Oh, Canada!

Mile Marker 9.  That was as high as I went before having to turn around and come back down.  Yes, I know.  It should be Kilometer Marker 9.  But that doesn’t have the same ring to it.  I suppose, if I wanted to, I could show off my Canadian-ness by saying 9 Klicks.  I’m not entirely certain I’m that Canadian.  And that makes me laugh.  Just this morning, I was having a conversation with Jaki.  I was telling her about a group of American women I found on-line who have a poetry group much like ours.

“Except,” Jaki said, “we’re more beautiful, more intelligent, more…Canadian.”

“Well, we’re definitely more Canadian.”  I said, and we laughed.

Speaking of Canada, there’s a “polar vortex” scheduled for the week and even here in the sunny Okanagan, temperatures are expected to be 10 – 20° below normal.  Today was the last chance I had to leave the house willingly.  In keeping with the Canadian theme, I decided to follow the road leading to Beaver Lake. 

The first part of the drive was clear and sunny.  Mule deer grazed on the naked hilltop. 

The road wound its way up, and trees began to crowd the edges.

Ahh!  Nothing like a little forest bathing to get you feeling good.  I rolled down my window, inhaling deeply.  There was the faint smell of smoke and rounding a corner, I discovered the source – a couple of old guys in lawn chairs next to a fire, F150’s and snowmobile trailers parked along the side of the road.  They waved as I drove by and I laughed, wondering if they heard me singing at the top of my lungs before I noticed they were there.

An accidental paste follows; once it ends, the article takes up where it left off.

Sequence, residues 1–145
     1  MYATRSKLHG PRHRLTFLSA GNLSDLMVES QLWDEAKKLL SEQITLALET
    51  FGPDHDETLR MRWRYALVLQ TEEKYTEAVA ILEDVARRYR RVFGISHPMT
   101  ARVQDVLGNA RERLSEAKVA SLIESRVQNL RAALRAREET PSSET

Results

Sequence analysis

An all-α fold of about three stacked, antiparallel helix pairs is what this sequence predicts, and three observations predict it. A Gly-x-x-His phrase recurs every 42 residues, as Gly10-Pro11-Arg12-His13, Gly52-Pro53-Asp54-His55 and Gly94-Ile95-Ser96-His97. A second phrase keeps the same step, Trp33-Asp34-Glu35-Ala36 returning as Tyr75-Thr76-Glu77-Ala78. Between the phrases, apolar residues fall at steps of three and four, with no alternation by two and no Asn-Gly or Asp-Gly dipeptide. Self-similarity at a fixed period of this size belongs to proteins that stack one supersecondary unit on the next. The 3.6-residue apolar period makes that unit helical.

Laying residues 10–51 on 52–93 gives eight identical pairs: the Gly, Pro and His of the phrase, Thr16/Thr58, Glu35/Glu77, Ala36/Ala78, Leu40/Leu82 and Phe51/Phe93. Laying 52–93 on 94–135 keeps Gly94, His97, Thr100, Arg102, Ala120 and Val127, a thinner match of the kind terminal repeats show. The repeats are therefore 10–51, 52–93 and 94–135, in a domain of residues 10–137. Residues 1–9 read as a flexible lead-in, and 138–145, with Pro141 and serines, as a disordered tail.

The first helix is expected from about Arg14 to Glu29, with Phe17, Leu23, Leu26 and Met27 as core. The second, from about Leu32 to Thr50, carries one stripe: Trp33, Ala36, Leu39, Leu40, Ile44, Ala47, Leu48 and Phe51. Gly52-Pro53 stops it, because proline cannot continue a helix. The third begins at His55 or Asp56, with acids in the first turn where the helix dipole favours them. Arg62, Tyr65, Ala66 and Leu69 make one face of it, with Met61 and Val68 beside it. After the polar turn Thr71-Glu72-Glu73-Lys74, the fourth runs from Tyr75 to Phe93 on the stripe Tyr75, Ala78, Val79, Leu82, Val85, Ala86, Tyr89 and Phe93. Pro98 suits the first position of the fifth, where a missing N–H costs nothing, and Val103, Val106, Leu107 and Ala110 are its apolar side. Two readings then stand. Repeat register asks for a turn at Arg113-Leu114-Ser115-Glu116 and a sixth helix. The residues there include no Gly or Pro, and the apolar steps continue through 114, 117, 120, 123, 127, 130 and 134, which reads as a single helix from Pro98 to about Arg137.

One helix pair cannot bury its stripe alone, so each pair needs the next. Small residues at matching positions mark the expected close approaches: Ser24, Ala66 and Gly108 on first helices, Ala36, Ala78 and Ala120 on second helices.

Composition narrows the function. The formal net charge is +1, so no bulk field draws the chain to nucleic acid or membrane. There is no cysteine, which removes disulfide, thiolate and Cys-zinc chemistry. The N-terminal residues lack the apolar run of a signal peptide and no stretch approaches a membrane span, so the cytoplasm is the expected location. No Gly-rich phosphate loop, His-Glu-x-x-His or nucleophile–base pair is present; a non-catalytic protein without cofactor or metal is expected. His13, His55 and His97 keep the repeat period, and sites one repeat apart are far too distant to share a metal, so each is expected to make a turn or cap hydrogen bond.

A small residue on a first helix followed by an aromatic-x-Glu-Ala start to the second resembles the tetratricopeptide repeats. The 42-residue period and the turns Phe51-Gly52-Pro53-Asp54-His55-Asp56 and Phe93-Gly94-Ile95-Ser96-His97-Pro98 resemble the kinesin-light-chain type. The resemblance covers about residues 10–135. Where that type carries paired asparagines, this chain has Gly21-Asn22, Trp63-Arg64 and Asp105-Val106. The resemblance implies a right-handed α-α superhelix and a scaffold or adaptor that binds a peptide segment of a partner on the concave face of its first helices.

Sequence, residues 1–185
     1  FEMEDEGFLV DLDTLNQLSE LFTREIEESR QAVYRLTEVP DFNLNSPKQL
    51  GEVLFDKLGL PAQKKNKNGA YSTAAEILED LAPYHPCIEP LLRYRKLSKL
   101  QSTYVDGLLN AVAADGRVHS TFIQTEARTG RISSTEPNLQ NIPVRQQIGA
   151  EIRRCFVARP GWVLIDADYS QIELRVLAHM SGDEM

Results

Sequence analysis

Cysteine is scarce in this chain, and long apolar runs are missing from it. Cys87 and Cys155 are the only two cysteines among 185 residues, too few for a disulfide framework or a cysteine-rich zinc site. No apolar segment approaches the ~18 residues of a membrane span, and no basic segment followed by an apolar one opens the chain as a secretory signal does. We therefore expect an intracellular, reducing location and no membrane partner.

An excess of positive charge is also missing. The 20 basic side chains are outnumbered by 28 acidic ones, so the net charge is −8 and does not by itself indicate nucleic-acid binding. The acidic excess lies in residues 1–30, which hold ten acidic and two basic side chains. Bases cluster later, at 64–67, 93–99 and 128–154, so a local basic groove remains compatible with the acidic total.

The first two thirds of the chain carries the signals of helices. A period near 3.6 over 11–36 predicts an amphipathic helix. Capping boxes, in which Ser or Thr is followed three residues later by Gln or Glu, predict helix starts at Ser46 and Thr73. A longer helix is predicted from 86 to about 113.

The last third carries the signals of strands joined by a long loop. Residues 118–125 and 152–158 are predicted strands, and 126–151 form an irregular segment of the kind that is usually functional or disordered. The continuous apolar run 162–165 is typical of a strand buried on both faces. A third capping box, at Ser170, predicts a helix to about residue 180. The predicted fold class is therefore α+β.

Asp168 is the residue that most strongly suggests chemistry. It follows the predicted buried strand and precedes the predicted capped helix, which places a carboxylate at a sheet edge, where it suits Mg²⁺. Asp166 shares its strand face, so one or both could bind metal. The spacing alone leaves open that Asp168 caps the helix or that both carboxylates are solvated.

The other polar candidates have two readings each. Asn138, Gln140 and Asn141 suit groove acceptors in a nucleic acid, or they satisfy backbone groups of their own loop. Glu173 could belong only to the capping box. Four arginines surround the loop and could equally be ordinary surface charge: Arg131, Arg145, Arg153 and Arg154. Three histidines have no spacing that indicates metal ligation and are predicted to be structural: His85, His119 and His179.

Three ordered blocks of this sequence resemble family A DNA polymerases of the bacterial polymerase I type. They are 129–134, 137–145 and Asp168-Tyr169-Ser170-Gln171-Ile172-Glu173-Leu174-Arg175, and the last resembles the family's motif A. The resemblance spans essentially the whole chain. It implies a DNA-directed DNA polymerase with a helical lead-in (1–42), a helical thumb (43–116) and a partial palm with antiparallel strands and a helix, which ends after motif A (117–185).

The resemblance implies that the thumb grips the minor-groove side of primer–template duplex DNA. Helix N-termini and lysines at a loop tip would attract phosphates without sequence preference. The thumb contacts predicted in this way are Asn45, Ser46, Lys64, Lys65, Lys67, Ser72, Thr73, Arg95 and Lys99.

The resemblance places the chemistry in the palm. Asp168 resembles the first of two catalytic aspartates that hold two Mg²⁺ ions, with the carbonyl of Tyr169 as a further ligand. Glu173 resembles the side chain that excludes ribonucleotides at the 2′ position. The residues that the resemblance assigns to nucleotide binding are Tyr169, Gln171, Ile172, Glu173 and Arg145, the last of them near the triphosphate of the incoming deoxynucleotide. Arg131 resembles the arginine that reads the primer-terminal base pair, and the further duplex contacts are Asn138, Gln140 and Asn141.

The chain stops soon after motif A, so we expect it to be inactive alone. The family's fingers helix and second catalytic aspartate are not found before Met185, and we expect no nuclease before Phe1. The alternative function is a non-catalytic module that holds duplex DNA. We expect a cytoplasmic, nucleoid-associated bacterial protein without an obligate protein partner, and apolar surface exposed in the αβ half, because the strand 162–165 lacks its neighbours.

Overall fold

The higher I went, the thicker the snow covering the forest floor. 

At Mile Marker 9 the road changed.  Ice and snow covered the road now, and while it had been worn smooth, it hadn’t been cleared.  I could feel the Rodeo start to fish-tail when I stepped on the gas.  Even though I have four-wheel drive, I decided I’d gone high enough.  I wiggled myself around, put it in low, and headed back down the mountain. 

The sky was no longer the clear blue it was when I started out.  In fact, it was looking rather dramatic.

Damn, it’s good to live in Canada.

I found a hawk near the bottom of the road – the only bird I’d seen all day.  Once I reached the highway, I counted eight more between Winfield and home.  It’s a good time of year to head out on a hawk walk.  Here’s an interesting fact for you.  You know in the movies when they show an eagle flying and you hear that wonderful scream?  Yeah.  That’s not an eagle screaming.  Eagles sound a bit wimpy.  The scream belongs to a hawk doing a voice-over. 

I took my only photo of the hawk, taken from too far away to be any good, and digitally altered it. 

Now it’s art.

Author: Featherstone Creative

Sally Quon is a photographer and writer living in the beautiful Okanagan Valley, where she is blessed to live, love and grow on the traditional and unceded territory of the Syilx people. Her photography has appeared in Canadian Geographic Magazine and in Nature Alberta’s various birding brochures. Sally was recently published in Chicken Soup for the Soul - The Forgiveness Fix and was long listed for the Vallum Chapbook Award. She is an associate member of the League of Canadian Poets. One of her photos was chosen for inclusion in the Photographer’s Forum “Best of 2018” Collection. She has two beautiful, almost grown children and a cat who loves her.

3 thoughts on “Oh, Canada!”

  1. Wise of you to turn back! And now I can add one more little-known fact to my Random Knowledge arsenal: hawk voice-overs! Stay warm this week, OK?


  2. Somehow I imagine your voice when I read your stories, and it adds to my enjoyment of them. Thank you for taking me on this road trip. I could envision all you spoke about. I especially enjoyed the old guys and imagining them hearing you singing!!! I may or may not sing out load when I’m walking the dog. 🙂

    Liked by 1 person

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